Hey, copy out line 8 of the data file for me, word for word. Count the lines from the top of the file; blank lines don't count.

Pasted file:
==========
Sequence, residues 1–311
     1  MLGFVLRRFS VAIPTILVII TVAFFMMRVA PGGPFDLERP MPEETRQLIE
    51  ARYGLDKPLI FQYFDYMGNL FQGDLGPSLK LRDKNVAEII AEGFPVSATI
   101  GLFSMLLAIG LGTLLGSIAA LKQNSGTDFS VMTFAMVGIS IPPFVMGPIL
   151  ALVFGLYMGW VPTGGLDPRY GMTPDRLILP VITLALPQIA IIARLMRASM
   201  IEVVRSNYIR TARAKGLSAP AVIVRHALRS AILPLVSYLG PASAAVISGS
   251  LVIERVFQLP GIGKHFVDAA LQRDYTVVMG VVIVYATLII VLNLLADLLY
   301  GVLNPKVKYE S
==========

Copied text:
   301  GVLNPKVKYE S